Skip to content

Advertisement

Molecular Cancer

What do you think about BMC? Take part in

Open Access

Roles of acid-extruding ion transporters in regulation of breast cancer cell growth in a 3-dimensional microenvironment

  • Anne Poder Andersen1,
  • Mette Flinck1,
  • Eva Kjer Oernbo1,
  • Nis Borbye Pedersen1,
  • Birgitte Martine Viuff2 and
  • Stine Falsig Pedersen1Email author
Molecular Cancer201615:45

https://doi.org/10.1186/s12943-016-0528-0

Received: 18 October 2015

Accepted: 20 May 2016

Published: 6 June 2016

Abstract

Background

The 3-dimensional (3D) microenvironment of breast carcinomas is characterized by profoundly altered pH homeostasis, reflecting increased metabolic acid production and a confined extracellular space characterized by poor diffusion, yet the relative contributions of specific pH-regulatory transporters to 3D growth are poorly understood. The aim of this work was to determine how 3D spheroid growth of breast cancer cells impacts the expression and spatial organization of major acid extruding proteins, and how these proteins in turn are required for spheroid growth.

Methods

MCF-7 (Luminal-A) and MDA-MB-231 (Triple-negative) human breast cancer cells were grown as ~700-950 μm diameter spheroids, which were subjected to Western blotting for relevant transporters (2- and 3D growth), quantitative immunohistochemical analysis, and spheroid growth assays. Individual transporter contributions were assessed (i) pharmacologically, (ii) by stable shRNA- and transient siRNA-mediated knockdown, and (iii) by CRISPR/Cas9 knockout.

Results

In MCF-7 spheroids, expression of the lactate-H+ cotransporter MCT1 (SLC16A1) increased from the spheroid periphery to its core, the Na+,HCO3 cotransporter NBCn1 (SLC4A7) was most highly expressed at the periphery, and the Na+/H+ exchanger NHE1 (SLC9A1) and MCT4 (SLC16A3) were evenly distributed. A similar pattern was seen in MDA-MB-231 spheroids, except that these cells do not express MCT1. The relative total expression of NBCn1 and NHE1 was decreased in 3D compared to 2D, while that of MCT1 and MCT4 was unaltered. Inhibition of MCT1 (AR-C155858) attenuated MCF-7 spheroid growth and this was exacerbated by addition of S0859, an inhibitor of Na+,HCO3 cotransporters and MCTs. The pharmacological data was recapitulated by stable knockdown of MCT1 or NBCn1, whereas knockdown of MCT4 had no effect. CRISPR/Cas9 knockout of NHE1, but neither partial NHE1 knockdown nor the NHE1 inhibitor cariporide, inhibited MCF-7 spheroid growth. In contrast, growth of MDA-MB-231 spheroids was inhibited by stable or transient NHE1 knockdown and by NHE1 knockout, but not by knockdown of NBCn1 or MCT4.

Conclusions

This work demonstrates the distinct expression and localization patterns of four major acid-extruding transporters in 3D spheroids of human breast cancer cells and reveals that 3D growth is dependent on these transporters in a cell type-dependent manner, with potentially important implications for breast cancer therapy.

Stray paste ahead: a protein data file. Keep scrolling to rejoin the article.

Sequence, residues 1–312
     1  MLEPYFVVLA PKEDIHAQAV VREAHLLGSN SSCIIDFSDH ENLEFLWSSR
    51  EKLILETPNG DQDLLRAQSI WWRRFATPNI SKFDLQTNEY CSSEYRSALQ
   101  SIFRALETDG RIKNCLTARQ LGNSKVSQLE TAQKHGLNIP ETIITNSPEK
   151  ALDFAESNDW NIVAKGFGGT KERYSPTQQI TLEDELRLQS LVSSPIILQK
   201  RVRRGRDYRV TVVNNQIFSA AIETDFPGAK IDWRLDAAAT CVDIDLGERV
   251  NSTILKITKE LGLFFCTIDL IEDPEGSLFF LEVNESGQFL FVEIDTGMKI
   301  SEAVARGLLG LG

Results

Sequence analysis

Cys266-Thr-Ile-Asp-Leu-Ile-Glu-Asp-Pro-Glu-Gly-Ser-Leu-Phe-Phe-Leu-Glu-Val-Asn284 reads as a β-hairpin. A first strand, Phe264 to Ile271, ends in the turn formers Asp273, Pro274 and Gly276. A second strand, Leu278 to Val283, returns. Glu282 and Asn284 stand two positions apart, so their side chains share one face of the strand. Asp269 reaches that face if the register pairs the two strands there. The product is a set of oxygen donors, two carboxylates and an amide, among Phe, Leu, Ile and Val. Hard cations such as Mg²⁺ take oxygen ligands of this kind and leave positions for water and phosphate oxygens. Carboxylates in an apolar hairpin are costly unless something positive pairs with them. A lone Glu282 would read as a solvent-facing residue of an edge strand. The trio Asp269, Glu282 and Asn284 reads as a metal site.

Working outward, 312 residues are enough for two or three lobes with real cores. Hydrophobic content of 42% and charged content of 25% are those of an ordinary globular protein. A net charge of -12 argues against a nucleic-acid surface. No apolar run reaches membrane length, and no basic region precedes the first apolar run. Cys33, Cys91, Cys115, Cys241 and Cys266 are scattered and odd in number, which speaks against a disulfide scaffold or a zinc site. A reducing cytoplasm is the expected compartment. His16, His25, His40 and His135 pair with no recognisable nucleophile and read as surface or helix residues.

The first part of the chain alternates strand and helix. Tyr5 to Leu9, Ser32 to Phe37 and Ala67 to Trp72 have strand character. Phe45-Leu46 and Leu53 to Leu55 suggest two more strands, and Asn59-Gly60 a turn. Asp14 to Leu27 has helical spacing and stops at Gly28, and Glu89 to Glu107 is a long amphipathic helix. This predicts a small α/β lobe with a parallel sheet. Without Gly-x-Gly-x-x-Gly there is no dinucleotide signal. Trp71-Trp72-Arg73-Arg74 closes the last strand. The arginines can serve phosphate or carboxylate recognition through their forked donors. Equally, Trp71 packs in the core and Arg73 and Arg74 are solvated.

Keywords

Tumor microenvironmentAcid–base transportNHE1NBCn1MCT1MCT4

Background

Cells in a solid tumor function in an environment fundamentally different from that of cells in normal tissues, which profoundly affects the gene expression profile and functional properties of the cancer cells. This has been demonstrated both for physico-chemical conditions in the tumor microenvironment [1] and for the 3-dimensional (3D) tumor architecture [2, 3]. Comparisons of 2D- and 3D culture of cancer cells have demonstrated that the phenotype of 3D spheroids much more closely mimic that of in vivo tumors [4, 5]. The specific tumor microenvironment conditions differ between cancer forms, but generally comprise hypoxia and/or anoxia, reduced glucose and ATP levels, elevated extracellular lactate levels, and acidic extracellular pH (pHe) [68]. In addition to hypoxia, the Warburg effect, i.e. a shift from oxidative phosphorylation towards glycolysis even in the presence of sufficient oxygen, is characteristic of most cancer cells, favoring predominant use of glycolytic metabolism [9]. Elevated rates of glycolysis and ATP hydrolysis cause the highly proliferative and anabolic cancer cells to produce more acid than normal cells [7]. As a slightly alkaline intracellular pH (pHi) value is a prerequisite for growth, proliferation, survival and motility [10, 11], cancer cells must initiate strategies to circumvent intracellular acidification.

Mediators of increased acid extrusion in tumor cells include the Na+/H+ exchanger NHE1 (SLC9A1), the Na+,HCO3 cotransporter NBCn1 (SLC4A7), the lactate,H+ cotransporters of the monocarboxylate transporter family, MCT1 and MCT4 (SLC16A1 and −3), and, in some cells, V-type H+-ATPases [8, 1214]. We and others have previously demonstrated upregulation of these transporters in human cancers [8, 1518]. Specifically, we recently reported the strong upregulation of NBCn1 by the major breast cancer oncogene ErbB2 [12, 19], and genome-wide association studies (GWAS) have consistently demonstrated association of a SNP in the NBCn1 3’ untranslated region with increased risk of breast cancer [20]. In vivo studies demonstrated roles for MCTs and NHE1 [13, 21] and our own recent work identified an important role for NBCn1 [22] in tumor growth.

Altered pH homeostasis plays central roles in many aspects of tumor progression [68, 10], and studies in 2D monoculture have implicated specific pH-regulatory ion transporters in control of e.g. metabolism, motility, and chemotherapy resistance in a wide range of cancer cell lines [12, 2325]. However, regulation of pHi in solid tumors differs profoundly from that in 2D culture, and major regional differences and dynamic changes in the roles of pH-regulatory proteins as the tumor grows can be envisaged. Elegant studies of 3D tumor spheroids have demonstrated the predicted gradient of increasing extracellular acidity toward the spheroid core [26], but detailed studies of the spatial organization of individual pH-regulatory transporters and of their contributions to spheroid growth are lacking.